Introducing Dr. Michael Makover

Michael Makover Health Guide
  • Your hip aches, your knees feel stiff and your fingers are becoming bent at the ends. You think, "I'm getting old and my joints are wearing out."


    Well, not really. Actually, you probably have a disease called osteoarthritis. It is not just "wear and tear," as old myths would have it and it is not just an effect of aging. Because it is a disease, there is great hope that we can understand it and find ways to combat and reverse it. We are beginning to uncover the molecular and genetic mechanisms by which your beautifully designed joints work and how they become damaged and painful. That insight will soon lead to definitive treatments. We are not there yet, but we can now see that real progress will come in the not too distant future, just as it did for rheumatoid arthritis and some of the other kinds of arthritis.

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    Arthritis, of which there are over a hundred different kinds, means change inside a joint, marked by one or more symptoms including swelling, redness, tenderness or pain. Some kinds of arthritis affect only the joint, while others affect many other parts of the body as well. Bursitis, tendonitis and some kinds of bone and muscle problems might feel as if they are arthritic, but they are different and afflict the structures that are outside of and supportive of the joint.


    The joint is a capsule that envelops the meeting place of the ends of two bones. Within the capsule are structures that provide a lubricated lining to facilitate smooth and effective movement of the two opposing cartilage surfaces that cover the outer ends of the bones for which the joint provides connection and movement. The lining tissue, called the synovium, makes the oily lubricant and has many other functions. Cartilage has been thought of as akin to bone without calcium, but is actually a substance with quite different properties. It is smooth, firm and rubbery and has a cellular structure.


    Most people think of joints as if they were fixed, mechanical devices made of immutable material like rubber and steel, but, instead, bone and the contents of the joint are very much living parts of your body. They are in constant flux, very much attuned to everything else that happens in your body and capable of remarkable self healing and remodeling. Like all good things, that ability has its limits and when your lifestyle, weight and other factors in your body overwhelm what the joint and bone can adjust to, then the disease osteoarthritis results. At first you are not even aware that adverse changes are occurring, but over time enough accumulates that pain nerves and other sensors begin to warn you that things are amiss.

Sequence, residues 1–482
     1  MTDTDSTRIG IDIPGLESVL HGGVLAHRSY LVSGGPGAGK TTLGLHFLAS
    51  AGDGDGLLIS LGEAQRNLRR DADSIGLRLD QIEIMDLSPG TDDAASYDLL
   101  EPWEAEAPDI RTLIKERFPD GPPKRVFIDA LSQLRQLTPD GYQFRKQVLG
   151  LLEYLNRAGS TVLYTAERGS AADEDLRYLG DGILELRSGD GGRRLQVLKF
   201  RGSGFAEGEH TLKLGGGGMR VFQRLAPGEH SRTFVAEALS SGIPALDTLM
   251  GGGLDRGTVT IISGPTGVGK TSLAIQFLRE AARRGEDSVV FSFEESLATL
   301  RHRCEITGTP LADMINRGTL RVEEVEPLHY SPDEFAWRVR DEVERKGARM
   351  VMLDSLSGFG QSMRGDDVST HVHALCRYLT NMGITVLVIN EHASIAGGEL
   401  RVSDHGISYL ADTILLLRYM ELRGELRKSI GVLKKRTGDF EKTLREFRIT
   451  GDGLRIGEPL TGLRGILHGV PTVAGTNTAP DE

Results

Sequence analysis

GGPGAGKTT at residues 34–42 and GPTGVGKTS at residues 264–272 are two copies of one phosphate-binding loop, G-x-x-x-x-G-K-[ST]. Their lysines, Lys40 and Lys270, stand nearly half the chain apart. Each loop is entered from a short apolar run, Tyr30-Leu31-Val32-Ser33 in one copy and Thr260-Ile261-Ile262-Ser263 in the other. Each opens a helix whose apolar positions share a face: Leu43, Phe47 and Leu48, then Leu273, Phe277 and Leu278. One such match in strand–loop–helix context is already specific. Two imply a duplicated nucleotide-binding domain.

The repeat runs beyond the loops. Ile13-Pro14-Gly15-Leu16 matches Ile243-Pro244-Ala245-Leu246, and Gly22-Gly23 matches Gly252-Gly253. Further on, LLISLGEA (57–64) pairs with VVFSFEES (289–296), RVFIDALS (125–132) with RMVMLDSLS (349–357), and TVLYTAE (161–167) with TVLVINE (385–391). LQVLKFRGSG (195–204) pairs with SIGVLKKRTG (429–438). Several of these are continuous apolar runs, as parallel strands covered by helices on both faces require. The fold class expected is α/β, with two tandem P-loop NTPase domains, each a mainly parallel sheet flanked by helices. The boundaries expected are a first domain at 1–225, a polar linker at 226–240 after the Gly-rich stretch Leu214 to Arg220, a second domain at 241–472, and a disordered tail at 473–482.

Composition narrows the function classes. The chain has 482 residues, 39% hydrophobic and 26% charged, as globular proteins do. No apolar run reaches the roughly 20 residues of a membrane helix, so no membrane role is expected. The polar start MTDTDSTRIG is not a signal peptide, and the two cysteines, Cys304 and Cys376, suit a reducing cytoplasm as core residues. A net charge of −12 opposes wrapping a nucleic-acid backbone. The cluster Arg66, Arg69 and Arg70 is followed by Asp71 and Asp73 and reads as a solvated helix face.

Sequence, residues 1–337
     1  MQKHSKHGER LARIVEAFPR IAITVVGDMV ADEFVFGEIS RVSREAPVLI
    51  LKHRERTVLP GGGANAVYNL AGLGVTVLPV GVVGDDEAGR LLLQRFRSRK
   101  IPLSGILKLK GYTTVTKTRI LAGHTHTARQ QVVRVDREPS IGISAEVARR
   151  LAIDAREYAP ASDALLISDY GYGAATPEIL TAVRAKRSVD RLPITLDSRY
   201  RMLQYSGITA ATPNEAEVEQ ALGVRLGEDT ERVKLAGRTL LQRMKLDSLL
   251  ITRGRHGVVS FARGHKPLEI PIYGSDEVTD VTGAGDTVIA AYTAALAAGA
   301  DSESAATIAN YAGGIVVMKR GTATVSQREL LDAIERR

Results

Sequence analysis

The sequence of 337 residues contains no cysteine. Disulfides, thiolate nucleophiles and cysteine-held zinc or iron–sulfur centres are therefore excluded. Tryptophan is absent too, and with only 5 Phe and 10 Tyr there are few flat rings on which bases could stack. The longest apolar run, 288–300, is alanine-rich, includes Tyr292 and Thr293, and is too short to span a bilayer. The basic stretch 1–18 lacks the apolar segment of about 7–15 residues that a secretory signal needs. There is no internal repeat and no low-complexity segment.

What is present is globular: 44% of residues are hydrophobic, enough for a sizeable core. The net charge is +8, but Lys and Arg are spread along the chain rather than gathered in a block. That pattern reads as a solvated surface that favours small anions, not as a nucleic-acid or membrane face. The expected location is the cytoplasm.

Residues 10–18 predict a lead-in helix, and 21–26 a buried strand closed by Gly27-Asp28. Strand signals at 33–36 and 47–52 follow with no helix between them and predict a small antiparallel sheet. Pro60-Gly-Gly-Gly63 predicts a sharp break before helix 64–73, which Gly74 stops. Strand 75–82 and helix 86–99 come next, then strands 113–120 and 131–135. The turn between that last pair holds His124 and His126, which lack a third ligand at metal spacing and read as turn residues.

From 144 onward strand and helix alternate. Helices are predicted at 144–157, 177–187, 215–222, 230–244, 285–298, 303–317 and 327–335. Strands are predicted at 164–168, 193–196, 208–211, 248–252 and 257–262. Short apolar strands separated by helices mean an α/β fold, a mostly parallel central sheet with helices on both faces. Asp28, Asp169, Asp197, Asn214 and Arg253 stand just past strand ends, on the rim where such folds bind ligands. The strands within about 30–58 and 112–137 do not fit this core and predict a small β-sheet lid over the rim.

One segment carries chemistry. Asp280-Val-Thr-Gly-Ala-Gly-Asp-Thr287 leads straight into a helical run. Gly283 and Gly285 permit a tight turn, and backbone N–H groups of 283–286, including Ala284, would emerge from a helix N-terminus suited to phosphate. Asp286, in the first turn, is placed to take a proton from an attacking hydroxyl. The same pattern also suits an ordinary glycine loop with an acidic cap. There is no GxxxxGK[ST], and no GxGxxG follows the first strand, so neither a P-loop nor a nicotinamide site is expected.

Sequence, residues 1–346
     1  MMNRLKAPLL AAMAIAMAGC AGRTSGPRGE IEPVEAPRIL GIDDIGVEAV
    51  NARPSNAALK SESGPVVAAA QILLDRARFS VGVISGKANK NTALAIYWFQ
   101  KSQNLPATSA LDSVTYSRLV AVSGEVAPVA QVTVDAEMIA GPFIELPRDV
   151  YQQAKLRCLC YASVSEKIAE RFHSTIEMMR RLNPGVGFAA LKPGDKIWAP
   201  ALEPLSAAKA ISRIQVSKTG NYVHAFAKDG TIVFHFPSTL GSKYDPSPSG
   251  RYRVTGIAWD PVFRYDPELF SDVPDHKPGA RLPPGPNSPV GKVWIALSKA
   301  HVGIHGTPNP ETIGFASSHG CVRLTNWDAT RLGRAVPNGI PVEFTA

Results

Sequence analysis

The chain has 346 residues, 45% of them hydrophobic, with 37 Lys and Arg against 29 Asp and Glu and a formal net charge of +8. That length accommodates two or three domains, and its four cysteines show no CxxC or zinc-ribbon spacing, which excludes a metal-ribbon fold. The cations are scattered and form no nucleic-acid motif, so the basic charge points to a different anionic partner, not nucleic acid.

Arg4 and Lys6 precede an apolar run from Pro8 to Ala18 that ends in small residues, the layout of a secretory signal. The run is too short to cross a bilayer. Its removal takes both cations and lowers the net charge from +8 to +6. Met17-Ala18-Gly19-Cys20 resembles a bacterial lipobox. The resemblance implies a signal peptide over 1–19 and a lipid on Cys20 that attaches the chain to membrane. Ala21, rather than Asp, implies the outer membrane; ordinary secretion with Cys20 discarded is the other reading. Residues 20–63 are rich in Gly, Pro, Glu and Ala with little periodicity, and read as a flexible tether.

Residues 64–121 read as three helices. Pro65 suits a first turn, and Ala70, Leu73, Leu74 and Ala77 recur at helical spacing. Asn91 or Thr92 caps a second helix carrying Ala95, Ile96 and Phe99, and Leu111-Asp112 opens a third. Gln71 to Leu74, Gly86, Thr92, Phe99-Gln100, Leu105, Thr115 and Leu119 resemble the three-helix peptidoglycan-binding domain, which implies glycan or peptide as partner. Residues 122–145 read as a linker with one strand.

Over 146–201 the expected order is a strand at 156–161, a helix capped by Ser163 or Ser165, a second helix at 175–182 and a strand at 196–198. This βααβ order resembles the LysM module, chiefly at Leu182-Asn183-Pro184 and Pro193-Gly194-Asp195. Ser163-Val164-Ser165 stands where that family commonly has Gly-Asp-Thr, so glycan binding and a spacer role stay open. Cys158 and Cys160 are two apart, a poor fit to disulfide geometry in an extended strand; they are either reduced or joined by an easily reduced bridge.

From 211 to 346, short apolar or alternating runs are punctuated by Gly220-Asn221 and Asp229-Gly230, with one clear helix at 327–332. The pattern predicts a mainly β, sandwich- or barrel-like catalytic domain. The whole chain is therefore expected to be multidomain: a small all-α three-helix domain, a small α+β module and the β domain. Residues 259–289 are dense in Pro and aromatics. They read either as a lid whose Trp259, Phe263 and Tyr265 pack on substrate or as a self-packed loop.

Some treatments are found by chance, others by educated trial and error. In both cases, science may not know why it works but are happy to employ something that does the trick in providing relief. Far more effective and satisfying are those treatments that arise out of a detailed and deep understanding of the actual chemistry and physiology of the tissue and the organ system. Treatments that are developed to address the exact derangements on the molecular level are more likely to have better and more lasting benefit. That is where the exciting new research is heading. There is also insight into how we might eventually restore even badly damaged joints to near original condition.

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    Happily, the day of definitive prevention, cure and restoration is coming. Sadly, for the millions of current osteoarthritis sufferers, it is still in the future. We do at least know a lot already about how to prevent and minimize the condition and its symptoms to some extent and we will discuss that in future posts. We will also explore the exciting new scientific understanding of cartilage, the joint, osteoarthritis and other types of arthritis, the new treatments that are already helping in rheumatoid arthritis and those that are coming for osteoarthritis and other conditions.


    Please feel free to post comments, suggest topics and ask questions, but I cannot respond to them directly. At times, I will address a reader's question or comment within a posting. As with all such sites as this, it is not intended to give individual advice, to advise on your treatment or to substitute for your own doctors. It is intended to give you some insight and background that we hope will help you understand the disease better.

Published On: July 23, 2008